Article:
“Decoding Supporting Roles: Robert Downey Jr.’s Oscar Win and the Ambiguity of 96th Academy Awards 2024”


"Decoding Supporting Roles: Robert Downey Jr.'s Oscar Win and the Ambiguity of 96th Academy Awards 2024"
96th Academy Oscars Awards 2024 win Robert Downey Jr (Photo by AFP via Getty images)

Oscar for Best Supporting Actor went to Robert Downey Jr. recently for his performance in Christopher Nolan’s “Openheimer.” Downey joked as he accepted his trophy, saying, “I’d like to thank the academy and my terrifying childhood for this honour.” This strange accomplishment, which marks Downey’s first Oscar win and his third nomination, clarifies the Academy’s ambiguous rules for the two supporting actor categories.

96th Academy Oscars Awards 2024 win Robert Downey Jr


Downey has delivered a stellar performance in “Openheimer,” balancing all his anxieties and subtle charms with finesse. Yet, Downey’s part in “Openheimer” is arguably the least crucial aspect of the film. It’s a bureaucratic subplot about the character of Louis Strauss attempting to get his appointment as Secretary of Commerce approved by the Senate decades after the creation of the atomic bomb. While you can read thematic significance into the Strauss segments of “Openheimer,” they contain much less emotional resonance compared to the grand, tragic narrative of bomb-making.

Tonight, Devin Joy Randolph, who won the award for Best Supporting Actress, finds herself in a similar situation. Randolph, portraying the role of Mary, the school cook in “The Holdovers,” works her character to the fullest extent despite being a complete deviation from the script. While Mary is the most written character at the film’s center, Randolph elevates her into a poignant human through her strong presence.


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Both wins function as a sort of case study. They ask: do the supporting categories reward performance quality alone, overlooking everything else? Or do they reward performances based on how well they support a larger narrative? Historically, the Academy has struggled to reach a consensus on how to answer that question.

Defining the supporting categories is difficult, and the possibility of controversy is high, making Downey’s second somewhat contentious nomination in this category. (He was previously nominated in 2009 for “Tropic Thunder,” a film for which he wore blackface.) Some ambiguity also lies in Oscar’s design. Academy rules state that any actor can compete in both the lead and supporting categories, and voters from the Academy’s acting branch can individually decide where each performance falls.

96th Academy Oscars Awards 2024 win Robert Downey Jr (Photo by AFP via Getty images)

This ambiguity particularly leaves the supporting categories vulnerable to category fraud when studios enter actors into the supporting category who are clearly leads to give them a better shot at winning. In 2018, with “The Favourites,” there were three clear lead actresses, but to prevent vote-splitting, the studio entered Olivia Colman for Best Actress and Emma Stone and Rachel Weisz for Best Supporting Actress. (Fun fact: at the time, Colman didn’t have an Oscar, but Stone and Weisz did. Colman won that year after moving away from her co-stars’ path.) In 2016, “Fences” was a two-handed game. Viola Davis and Denzel Washington were almost equally divided, but Washington was nominated for Best Actor and Davis for Best Supporting Actress.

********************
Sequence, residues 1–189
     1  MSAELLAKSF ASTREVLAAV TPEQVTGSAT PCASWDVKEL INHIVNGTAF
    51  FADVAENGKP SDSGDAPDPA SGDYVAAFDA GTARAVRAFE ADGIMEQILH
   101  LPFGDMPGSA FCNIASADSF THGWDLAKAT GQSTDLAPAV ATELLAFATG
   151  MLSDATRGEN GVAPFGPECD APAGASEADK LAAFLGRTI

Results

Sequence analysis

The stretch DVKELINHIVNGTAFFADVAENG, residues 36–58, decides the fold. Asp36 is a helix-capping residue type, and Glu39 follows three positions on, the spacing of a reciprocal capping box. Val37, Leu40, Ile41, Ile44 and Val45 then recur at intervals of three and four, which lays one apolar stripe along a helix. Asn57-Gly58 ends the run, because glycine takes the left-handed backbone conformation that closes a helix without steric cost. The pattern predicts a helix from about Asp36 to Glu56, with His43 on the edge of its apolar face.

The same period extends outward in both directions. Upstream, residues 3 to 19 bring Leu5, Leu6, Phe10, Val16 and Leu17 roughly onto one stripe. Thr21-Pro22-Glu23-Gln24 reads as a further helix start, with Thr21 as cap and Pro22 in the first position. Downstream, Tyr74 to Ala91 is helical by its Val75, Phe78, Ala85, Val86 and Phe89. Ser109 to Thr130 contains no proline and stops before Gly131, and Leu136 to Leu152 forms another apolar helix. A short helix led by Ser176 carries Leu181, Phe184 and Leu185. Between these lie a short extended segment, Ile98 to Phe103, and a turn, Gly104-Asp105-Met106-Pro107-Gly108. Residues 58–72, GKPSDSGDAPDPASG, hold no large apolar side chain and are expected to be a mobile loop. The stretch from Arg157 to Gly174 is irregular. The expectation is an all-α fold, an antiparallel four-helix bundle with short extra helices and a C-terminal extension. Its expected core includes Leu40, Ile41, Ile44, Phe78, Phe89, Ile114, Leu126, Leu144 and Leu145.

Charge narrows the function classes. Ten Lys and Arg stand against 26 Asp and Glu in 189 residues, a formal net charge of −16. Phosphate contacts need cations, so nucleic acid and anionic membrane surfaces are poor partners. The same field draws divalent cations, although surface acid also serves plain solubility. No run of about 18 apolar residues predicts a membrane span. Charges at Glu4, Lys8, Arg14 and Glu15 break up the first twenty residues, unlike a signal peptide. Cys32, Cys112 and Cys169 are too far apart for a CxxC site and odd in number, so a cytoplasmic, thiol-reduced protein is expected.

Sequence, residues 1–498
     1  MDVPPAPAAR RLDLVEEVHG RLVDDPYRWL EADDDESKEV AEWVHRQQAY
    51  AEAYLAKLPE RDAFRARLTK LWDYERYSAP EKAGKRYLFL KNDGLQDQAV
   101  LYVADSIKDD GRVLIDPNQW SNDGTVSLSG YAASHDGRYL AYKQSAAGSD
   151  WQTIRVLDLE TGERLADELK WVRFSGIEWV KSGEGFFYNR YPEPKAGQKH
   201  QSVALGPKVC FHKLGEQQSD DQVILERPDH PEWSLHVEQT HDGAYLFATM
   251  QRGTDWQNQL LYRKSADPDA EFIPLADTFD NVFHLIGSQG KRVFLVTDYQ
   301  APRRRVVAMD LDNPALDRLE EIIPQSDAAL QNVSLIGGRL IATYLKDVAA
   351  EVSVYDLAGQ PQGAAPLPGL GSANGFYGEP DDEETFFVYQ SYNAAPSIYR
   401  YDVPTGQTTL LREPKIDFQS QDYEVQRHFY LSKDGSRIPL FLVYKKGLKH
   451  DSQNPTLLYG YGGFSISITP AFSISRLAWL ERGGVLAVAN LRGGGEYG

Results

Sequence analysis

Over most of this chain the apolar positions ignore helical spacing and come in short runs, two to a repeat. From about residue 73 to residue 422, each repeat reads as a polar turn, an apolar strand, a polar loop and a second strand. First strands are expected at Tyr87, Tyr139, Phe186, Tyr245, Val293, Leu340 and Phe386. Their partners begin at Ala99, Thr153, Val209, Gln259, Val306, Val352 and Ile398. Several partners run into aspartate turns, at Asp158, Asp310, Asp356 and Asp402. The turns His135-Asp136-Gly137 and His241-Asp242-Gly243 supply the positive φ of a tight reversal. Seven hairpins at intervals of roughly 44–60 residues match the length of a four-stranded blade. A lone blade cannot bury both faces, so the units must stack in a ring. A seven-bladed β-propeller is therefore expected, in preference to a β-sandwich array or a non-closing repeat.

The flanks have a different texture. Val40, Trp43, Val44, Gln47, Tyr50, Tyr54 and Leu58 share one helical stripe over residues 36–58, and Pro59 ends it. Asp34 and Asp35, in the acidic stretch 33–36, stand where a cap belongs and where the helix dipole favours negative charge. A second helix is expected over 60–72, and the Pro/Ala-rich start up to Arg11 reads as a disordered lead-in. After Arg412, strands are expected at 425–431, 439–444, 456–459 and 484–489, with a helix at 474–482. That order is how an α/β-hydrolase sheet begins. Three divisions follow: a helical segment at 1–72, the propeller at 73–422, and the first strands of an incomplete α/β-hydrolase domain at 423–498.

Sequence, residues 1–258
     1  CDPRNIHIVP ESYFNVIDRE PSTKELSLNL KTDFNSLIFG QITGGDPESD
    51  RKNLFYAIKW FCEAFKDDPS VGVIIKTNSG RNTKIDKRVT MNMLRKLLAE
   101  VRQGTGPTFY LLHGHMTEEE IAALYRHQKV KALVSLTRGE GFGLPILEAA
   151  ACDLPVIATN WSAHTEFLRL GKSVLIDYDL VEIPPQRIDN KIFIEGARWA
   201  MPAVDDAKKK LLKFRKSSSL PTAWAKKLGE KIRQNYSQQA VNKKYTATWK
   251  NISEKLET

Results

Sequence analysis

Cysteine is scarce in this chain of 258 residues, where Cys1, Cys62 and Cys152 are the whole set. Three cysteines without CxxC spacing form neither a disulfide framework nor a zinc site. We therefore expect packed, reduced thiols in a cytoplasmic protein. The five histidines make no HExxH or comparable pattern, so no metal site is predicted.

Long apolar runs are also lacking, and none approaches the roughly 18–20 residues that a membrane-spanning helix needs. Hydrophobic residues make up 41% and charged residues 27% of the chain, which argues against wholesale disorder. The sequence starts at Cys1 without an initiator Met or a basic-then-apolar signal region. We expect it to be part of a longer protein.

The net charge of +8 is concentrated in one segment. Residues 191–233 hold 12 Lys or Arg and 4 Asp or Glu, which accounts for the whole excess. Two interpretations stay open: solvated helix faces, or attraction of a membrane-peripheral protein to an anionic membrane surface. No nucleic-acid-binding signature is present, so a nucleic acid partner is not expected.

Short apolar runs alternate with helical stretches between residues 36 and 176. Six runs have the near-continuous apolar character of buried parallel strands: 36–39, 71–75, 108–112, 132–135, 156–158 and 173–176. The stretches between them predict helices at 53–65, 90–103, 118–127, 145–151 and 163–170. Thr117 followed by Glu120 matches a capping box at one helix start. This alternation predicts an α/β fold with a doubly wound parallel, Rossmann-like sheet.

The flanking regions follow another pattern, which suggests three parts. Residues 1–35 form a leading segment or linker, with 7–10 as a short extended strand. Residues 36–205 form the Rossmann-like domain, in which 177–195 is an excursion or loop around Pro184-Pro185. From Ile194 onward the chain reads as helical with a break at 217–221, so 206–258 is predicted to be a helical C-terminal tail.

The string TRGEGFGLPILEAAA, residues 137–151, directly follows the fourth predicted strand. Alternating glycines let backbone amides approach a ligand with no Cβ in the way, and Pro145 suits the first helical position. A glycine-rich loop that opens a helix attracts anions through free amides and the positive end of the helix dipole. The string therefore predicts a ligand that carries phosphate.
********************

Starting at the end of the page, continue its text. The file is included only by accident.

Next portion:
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On the flip side, some nominated for Best Supporting Actor are barely seen in the film they win for. In 1959, Hermione Baddeley was nominated for “Room at the Top” for just two minutes of screen time, while Beatrice Straight was nominated for “Network” in 1977 for just six minutes. Recently, Judi Dench won a notorious Best Supporting Actress award in 1999 for her eight-minute role as Queen Elizabeth in “Shakespeare in Love.” In her acceptance speech, Dench cheekily remarked about the Oscars, “I feel that I should only get a little bit of it for about eight minutes on screen.”

Screen time controversies become particularly educational when we see instances where they’re absent. Like Dench in “Shakespeare in Love,” Viola Davis in “Doubt” (2008) appears for just eight minutes in total. Yet Davis’s performance is so nuanced, expressive, and impactful with shades of ambiguity and moral compromise that it brings Doubt to life in a way that makes her nomination for Best Supporting Actress hardly contentious. To this day, her work in Doubt is considered one of the great short performances.

Davis’s eight-minute nomination is remembered as a win, while Dench’s eight-minute win is remembered as one of Harvey Weinstein’s machinations, indicating that people care less about how long a supporting actor is on screen than they do about the impact they have. In this strange, nebulous category, what kind of impact you can make in supporting a big story matters more than how much screen time you have.

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